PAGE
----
Simple Nutrition Steps to Boost Heart Health
Did you know that heart disease is the leading cause of death in the United States? Yet, about 80 percent of cardiovascular disease cases are preventable, including conditions such as heart disease and stroke.1,2
Lifestyle habits such as smoking, activity level, nutrition, and other factors may influence one's risk of developing a cardiovascular-related illness. So, give your heart a helping hand by keeping these nutrients in mind.3
Why is heart health important for people with diabetes?
By 2035, it is estimated that approximately 45 percent of the United States population will have cardiovascular disease. However, people with diabetes are more likely to develop heart disease than those without diabetes. Over time, chronically high blood sugars may damage blood vessels and nerves – including those surrounding the heart.2
While it may feel overwhelming to hear about these risks, adopting a heart-healthy lifestyle through nutrition can reduce one's risk of disease. And remember, you don't have to do it alone! Everyone deserves support. Engage in our diabetes community, join a support group, attend an exercise class, or work with a registered dietitian who supports your health goals.
What nutrients promote improved heart health?
Certain powerhouse nutrients can promote better heart health. Following a plant-forward diet may reduce the risk of morbidity and mortality from heart-related disease.4
But you don't need to become vegetarian or vegan to reap the benefits of plant-based nutrition. Instead, make small steps toward prioritizing plant-based foods while incorporating lean protein sources. When constructing your meals, keep the following heart-healthy nutrients in mind.
Omega-3 fatty acids
Omega-3 fatty acids can pump up your heart health in more ways than one! It acts like a vasodilator, which may help improve your blood pressure. It also contains anti-inflammatory properties and may help improve blood lipid profile.4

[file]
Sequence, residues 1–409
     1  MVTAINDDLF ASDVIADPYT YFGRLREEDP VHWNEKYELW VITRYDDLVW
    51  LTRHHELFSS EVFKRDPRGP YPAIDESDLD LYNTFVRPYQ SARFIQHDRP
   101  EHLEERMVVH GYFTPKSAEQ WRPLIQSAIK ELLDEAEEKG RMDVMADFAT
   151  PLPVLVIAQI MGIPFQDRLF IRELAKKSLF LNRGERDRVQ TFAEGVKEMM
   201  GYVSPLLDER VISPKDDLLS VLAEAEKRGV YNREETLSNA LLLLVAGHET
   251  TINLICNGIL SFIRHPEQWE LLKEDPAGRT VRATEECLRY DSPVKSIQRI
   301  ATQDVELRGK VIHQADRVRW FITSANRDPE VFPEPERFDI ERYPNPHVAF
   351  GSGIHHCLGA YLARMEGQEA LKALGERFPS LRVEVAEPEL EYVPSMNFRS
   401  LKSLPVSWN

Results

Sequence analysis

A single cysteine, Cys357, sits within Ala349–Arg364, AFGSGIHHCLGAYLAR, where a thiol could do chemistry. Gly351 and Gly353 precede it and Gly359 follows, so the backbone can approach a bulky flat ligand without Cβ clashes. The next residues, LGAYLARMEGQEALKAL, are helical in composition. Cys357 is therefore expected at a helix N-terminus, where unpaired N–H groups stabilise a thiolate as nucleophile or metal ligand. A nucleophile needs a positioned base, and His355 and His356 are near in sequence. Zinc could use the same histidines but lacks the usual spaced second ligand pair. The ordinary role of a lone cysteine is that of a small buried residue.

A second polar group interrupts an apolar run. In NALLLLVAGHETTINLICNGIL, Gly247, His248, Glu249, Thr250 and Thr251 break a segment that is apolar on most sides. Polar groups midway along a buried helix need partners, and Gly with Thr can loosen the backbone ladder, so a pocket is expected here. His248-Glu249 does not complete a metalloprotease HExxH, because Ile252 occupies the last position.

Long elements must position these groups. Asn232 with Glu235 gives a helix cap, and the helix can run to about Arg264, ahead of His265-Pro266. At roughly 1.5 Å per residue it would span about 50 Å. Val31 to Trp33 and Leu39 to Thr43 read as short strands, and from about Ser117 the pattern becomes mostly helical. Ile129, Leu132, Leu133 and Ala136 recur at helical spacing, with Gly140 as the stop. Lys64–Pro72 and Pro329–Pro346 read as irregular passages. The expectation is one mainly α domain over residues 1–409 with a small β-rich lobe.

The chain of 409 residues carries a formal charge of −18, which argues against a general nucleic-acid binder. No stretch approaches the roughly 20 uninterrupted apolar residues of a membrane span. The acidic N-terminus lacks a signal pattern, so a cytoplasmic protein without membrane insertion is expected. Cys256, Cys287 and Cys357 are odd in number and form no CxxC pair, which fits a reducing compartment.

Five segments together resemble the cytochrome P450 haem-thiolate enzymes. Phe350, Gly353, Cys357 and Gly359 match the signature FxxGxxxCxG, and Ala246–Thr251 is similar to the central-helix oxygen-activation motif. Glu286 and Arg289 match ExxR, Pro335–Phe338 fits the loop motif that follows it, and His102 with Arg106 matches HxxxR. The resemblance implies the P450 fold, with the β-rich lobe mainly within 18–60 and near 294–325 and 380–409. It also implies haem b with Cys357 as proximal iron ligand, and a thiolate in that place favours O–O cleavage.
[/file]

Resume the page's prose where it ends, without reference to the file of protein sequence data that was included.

Food high in omega-3s includes salmon, tuna, hemp seeds, walnuts, fortified foods, and more.5
Research shows that higher intakes of potassium may decrease one's risk of cardiovascular disease by approximately 20 percent. Potassium contains antihypertensive properties and helps regulate extracellular fluid volume.6
Boost your potassium intake by enjoying dried apricots, lentils (including lentil pasta), prunes, potatoes, kidney beans, and more.
Not only does fiber help regulate blood glucose values, but it may also improve heart health. Specifically, soluble fiber may help lower LDL (low-density lipoprotein) cholesterol, blood pressure, and inflammation. For a soluble fiber-filled boost, incorporate legumes, oat bran, flaxseed, and barley.7
Lycopene is a powerful antioxidant that gives plant-based foods a bright red color. Lycopene improves vascular health by helping to prevent atherosclerosis, platelet formation, inflammation, and arterial stiffness. Add tomatoes, watermelon, red grapefruits, papaya, and other colorful foods into your daily meals to boost lycopene in your diet.8
Be mindful of these nutrients
While certain nutrients may benefit your heart, being mindful of others may equally help promote better cardiovascular function. Although these nutrients don't have to be completely eliminated, they should be consumed in moderation. Check out why cutting back can help improve your heart health.
Sodium may be the main culprit behind high blood pressure levels. While the recommendation is to limit sodium to 2,300mg daily, those looking to improve heart health may benefit from daily consumption of 1,500mg sodium.9
Food high in sodium includes pre-made pasta sauces, deli meats, convenience meals, and canned goods.
Saturated fats are typically found in animal-based products and may increase cholesterol values when consumed excessively. The American Heart Association recommends limiting red meat, butter, full-fat cheese, and tropical oils to help decrease disease risk. Instead, try using plant-based alternatives or lean protein options.10
Lend your heart a helping hand by swapping in whole grains when possible. Research has found that people who consumed more than 7 servings of refined grains per day had a 33 percent greater risk of heart disease and 47 percent increased risk of stroke.11
When choosing or making your meals, aim for at least half of the grains on your plate to be whole grains.
Nutrition is powerful for heart health
With proper assistance and knowledge, you can start incorporating more heart-boosting nutrients into your eating plan to support your cardiovascular health.
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